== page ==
Total solar eclipse from St. Louis, Aug. 21, 2017. (John Sonderman via Flickr)

Many people who witness a total solar eclipse are at a loss for words to describe it. Those who have the words say it is magical, awe-inspiring, and even mind-blowing. The experience has been known to make a grown man cry.

Some who witness total solar eclipses choose not to photograph it, because they don’t want to be distracted by a camera and just want to take in the moment.

But, fortunately, enough fine photographers out there have graciously shared these photos on social media, so those of us who weren’t there can enjoy the experience vicariously. We have at least one photo from every state along the path of totality.

Follow the compilation below…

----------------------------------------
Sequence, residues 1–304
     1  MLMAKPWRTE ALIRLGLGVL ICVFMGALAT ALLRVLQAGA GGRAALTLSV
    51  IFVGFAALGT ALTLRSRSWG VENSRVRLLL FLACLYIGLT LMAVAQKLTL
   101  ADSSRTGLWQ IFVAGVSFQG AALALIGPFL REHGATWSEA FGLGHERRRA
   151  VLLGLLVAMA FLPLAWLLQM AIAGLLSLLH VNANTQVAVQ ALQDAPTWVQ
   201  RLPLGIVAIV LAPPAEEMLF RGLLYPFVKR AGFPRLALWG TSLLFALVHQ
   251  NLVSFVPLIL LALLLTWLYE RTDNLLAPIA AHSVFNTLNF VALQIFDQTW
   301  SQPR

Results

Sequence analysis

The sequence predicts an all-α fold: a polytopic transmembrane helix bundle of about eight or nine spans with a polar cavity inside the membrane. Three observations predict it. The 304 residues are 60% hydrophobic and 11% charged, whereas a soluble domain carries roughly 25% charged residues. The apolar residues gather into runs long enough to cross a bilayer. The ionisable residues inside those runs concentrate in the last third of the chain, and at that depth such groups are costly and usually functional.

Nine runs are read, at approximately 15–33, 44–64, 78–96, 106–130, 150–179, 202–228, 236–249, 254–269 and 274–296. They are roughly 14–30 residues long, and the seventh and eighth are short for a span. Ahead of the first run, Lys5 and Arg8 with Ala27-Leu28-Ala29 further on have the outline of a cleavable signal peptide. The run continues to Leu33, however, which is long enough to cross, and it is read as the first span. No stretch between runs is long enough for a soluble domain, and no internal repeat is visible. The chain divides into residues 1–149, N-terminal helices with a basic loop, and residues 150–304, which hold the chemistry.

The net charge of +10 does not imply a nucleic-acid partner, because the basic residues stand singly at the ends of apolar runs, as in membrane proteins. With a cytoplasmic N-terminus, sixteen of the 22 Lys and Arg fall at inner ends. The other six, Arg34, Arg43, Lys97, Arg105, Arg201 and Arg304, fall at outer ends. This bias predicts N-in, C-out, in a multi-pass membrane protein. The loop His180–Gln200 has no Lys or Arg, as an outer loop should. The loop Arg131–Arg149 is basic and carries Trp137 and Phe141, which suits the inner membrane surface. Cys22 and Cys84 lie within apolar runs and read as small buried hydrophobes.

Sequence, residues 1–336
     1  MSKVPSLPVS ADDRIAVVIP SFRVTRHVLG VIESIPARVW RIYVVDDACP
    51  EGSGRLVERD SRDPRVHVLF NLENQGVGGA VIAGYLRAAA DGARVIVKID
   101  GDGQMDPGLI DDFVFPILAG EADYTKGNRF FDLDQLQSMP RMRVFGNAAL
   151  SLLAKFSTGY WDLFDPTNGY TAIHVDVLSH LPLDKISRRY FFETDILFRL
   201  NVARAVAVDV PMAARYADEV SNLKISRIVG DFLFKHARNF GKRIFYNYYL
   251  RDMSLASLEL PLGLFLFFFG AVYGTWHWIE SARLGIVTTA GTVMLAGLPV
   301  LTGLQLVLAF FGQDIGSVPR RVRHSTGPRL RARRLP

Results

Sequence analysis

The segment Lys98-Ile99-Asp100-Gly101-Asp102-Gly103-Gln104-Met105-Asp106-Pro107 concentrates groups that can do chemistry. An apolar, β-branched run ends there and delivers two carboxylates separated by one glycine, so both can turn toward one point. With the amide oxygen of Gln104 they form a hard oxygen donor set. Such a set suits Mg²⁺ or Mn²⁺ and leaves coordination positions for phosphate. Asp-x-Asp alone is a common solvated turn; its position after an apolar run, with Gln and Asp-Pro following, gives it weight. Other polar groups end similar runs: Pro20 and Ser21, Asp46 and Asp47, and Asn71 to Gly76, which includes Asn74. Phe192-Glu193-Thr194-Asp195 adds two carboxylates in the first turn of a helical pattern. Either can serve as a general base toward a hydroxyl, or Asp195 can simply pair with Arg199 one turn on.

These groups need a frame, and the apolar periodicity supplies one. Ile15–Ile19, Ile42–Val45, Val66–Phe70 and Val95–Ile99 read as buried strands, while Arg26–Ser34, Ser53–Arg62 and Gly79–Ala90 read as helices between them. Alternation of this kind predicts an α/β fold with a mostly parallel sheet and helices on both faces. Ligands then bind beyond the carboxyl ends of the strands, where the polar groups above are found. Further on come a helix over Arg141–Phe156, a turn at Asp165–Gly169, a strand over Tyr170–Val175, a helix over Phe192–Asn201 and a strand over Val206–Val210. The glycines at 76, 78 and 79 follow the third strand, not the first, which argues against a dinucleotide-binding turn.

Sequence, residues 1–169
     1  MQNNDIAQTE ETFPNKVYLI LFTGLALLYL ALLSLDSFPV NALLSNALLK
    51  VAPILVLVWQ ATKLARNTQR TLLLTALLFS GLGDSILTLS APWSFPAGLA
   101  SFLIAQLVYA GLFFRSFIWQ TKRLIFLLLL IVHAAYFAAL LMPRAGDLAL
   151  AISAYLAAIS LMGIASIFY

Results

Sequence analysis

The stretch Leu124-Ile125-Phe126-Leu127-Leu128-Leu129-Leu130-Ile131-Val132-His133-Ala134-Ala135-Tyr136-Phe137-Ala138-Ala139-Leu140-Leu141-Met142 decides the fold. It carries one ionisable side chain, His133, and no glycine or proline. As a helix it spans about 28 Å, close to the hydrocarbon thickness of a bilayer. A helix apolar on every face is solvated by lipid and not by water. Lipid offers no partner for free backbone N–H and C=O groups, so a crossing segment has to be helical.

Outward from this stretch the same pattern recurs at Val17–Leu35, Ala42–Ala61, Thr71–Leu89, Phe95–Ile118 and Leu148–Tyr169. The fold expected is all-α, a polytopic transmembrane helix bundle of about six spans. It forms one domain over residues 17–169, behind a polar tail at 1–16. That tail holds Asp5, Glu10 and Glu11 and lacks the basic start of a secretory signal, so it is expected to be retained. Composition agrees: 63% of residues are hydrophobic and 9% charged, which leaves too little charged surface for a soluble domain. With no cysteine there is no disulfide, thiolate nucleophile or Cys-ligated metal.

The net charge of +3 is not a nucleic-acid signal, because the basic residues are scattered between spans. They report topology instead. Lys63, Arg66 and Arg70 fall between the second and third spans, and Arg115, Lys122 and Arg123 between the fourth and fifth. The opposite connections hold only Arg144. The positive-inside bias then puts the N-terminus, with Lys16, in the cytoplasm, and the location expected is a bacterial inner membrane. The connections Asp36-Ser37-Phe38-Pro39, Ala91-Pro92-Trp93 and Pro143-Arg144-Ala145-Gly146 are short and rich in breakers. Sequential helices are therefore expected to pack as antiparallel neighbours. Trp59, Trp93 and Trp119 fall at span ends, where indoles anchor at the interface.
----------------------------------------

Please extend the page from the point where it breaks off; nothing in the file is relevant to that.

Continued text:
The first coast-to-coast solar eclipse in almost 100 years moved across the U.S. at 2,000 mph on Aug. 21. Here are some highlights. (Erin Patrick O'Connor/The Washington Post)

From east to west across the nation

Columbia, South Carolina


The total solar eclipse as seen from Columbia, S.C. Pine Island. (Jim Worth)

Lexington, South Carolina

Greeleyville, South Carolina

Andrews, North Carolina

Cullowhee, North Carolina

Tennessee (Great Smoky Mountains)

Stones River National Park, Tennessee

Hermitage, Tennesee

Smyrna, Tennessee

Cookeville, Tennessee

Powderly, Kentucky

Carbondale, Illinois

Illinois

Union, Missouri


Total solar eclipse captured in Union, Missouri, Aug. 21, 2017. (Kobi Swissa/Swissa Creative)

Lee’s Summit, Missouri

Central Missouri

Western Nebraska


Total solar eclipse, Aug. 21, Nebraska Sand Hills. (Matthew Cappucci)

Green River Lake, Wyoming

Wyoming

Weiser, Idaho

Smith’s Ferry, Idaho

Idaho

Salem, Oregon

Madras, Ore.

Eastern Oregon

People chasing the solar eclipse along the path of totality in Corvallis, Ore., were among some of the first Americans to see the total eclipse on Aug. 21. (The Washington Post)


Link: More eclipse coverage from The Washington Post